In addition to daily, livestreamed mindfulness sessions, the center is offering mindfulness resources to the public through their website, Facebook group and Instagram. Inspirational articles, practical tips, words of advice and videos are being added to the platforms daily.

Nika Gueci, executive director for university engagement at the center, has been leading the “Caring and Connection” initiative with Pipe. They were inspired to create the initiative after the COVID-19 outbreak necessitated they cancel the center’s annual conference, “Planting Seeds: Rooting in mindfulness for thriving communities.” 

“We realized that people were still craving connection and community to support them through this uncertain time,” Gueci said. They quickly mobilized their efforts around an online platform.  

“These sessions are intended to maintain that idea of the conference: to build community, to share this information with one another, and to come to practice as equals in order to help strengthen and build communities,” Gueci said. 

The messages and practices offered through the initiative are based in principles of mindfulness, which Pipe describes as “the ability to pay attention, with intention, to the present moment.” They are accessible to anyone, regardless of religious or spiritual background, belief system, age, ability, nationality, gender, education or experience with mindfulness. All are welcome and encouraged to participate.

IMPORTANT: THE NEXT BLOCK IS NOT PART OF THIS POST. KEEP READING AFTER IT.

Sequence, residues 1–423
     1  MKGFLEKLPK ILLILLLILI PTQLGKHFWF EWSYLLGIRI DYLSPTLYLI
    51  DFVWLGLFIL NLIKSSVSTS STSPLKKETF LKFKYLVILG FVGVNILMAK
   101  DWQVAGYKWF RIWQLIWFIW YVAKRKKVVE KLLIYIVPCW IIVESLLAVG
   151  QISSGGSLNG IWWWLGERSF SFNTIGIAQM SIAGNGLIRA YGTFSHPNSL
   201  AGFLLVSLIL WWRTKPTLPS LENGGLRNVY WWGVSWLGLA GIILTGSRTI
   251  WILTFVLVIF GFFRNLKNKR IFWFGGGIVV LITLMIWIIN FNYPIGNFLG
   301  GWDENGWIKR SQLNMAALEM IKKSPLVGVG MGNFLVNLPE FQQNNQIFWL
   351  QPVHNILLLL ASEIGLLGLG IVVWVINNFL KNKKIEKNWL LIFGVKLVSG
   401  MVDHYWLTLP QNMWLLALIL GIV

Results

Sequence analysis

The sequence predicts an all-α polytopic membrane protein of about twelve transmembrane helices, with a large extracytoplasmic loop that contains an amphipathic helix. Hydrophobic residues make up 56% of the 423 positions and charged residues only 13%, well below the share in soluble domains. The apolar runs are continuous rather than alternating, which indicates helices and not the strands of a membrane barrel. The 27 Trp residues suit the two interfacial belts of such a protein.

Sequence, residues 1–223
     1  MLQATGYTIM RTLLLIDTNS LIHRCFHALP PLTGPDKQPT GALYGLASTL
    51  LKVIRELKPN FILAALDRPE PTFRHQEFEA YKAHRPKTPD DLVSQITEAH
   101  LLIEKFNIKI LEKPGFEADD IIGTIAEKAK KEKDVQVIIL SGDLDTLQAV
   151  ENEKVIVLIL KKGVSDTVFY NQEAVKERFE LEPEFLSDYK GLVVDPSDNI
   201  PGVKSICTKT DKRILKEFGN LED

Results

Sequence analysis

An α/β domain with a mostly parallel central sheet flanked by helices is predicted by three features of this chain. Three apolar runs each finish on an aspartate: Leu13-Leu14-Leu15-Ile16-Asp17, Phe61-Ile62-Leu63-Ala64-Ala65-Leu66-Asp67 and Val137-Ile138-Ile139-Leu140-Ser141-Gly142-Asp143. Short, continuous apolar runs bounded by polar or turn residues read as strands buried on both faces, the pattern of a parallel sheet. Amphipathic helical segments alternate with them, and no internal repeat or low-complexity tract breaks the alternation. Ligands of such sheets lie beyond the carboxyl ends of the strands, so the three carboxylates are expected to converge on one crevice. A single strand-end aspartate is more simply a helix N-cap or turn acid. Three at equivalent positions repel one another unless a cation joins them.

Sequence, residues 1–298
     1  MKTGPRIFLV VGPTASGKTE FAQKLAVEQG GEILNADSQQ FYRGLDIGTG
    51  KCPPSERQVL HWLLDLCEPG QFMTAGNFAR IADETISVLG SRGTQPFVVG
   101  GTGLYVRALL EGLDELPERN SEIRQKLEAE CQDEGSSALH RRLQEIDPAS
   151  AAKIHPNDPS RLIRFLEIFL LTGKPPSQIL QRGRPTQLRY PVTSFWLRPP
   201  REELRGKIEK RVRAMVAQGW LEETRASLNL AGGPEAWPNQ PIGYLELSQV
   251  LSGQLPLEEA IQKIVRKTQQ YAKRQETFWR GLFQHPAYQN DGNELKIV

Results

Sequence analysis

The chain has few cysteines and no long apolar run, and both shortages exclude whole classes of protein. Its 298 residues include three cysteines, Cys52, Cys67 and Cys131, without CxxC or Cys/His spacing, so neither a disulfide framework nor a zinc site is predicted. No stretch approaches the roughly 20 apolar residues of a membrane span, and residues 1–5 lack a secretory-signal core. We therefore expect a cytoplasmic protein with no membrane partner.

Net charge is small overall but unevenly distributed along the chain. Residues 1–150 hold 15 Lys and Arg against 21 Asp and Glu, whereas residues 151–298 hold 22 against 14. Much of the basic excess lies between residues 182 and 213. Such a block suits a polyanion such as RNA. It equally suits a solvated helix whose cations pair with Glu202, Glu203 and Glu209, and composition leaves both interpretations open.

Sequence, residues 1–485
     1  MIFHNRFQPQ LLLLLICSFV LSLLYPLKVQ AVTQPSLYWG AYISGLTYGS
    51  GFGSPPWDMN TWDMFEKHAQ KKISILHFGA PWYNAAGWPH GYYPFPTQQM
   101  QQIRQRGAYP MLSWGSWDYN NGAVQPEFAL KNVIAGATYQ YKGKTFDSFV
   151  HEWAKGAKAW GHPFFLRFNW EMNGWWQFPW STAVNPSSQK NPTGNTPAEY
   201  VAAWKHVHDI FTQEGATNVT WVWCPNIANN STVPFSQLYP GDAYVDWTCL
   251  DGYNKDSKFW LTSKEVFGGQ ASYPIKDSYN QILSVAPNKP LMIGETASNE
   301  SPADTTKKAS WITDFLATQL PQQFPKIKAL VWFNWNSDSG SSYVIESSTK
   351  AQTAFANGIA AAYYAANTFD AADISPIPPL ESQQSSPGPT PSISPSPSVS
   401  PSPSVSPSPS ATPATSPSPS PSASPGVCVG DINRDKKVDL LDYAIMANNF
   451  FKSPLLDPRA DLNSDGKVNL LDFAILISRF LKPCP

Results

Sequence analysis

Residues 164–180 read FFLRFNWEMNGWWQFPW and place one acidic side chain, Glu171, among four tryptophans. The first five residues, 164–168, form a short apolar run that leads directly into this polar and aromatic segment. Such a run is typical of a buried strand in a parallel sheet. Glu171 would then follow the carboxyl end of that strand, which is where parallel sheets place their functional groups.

“In this moment, we have an opportunity to expand, extend and include in ways we may not have considered before,” Pipe said. “Let's see how much better we can become as individuals and as a community.”

The Center for Mindfulness, Compassion and Resilience was founded by Pipe in 2017 for the purpose of connecting researchers, scholars, teachers, practitioners and learners around the concepts of mindfulness, compassion and well-being. At the center, ASU students and researchers examine the impacts of mindfulness across a wide range of areas, including social relationships, social justice, neuroscience, aging, well-being and immune function.

Additional mindfulness resources

Top image courtesy of

Katherine Reedy

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COVID-19 may alter the future of how we navigate work and leisure

March 24, 2020

Editor’s note: This story is being highlighted in ASU Now’s year in review. Read more top stories from 2020.

There has been a significant drop in automobile use both across Arizona and throughout the country in the wake of the COVID-19 outbreak.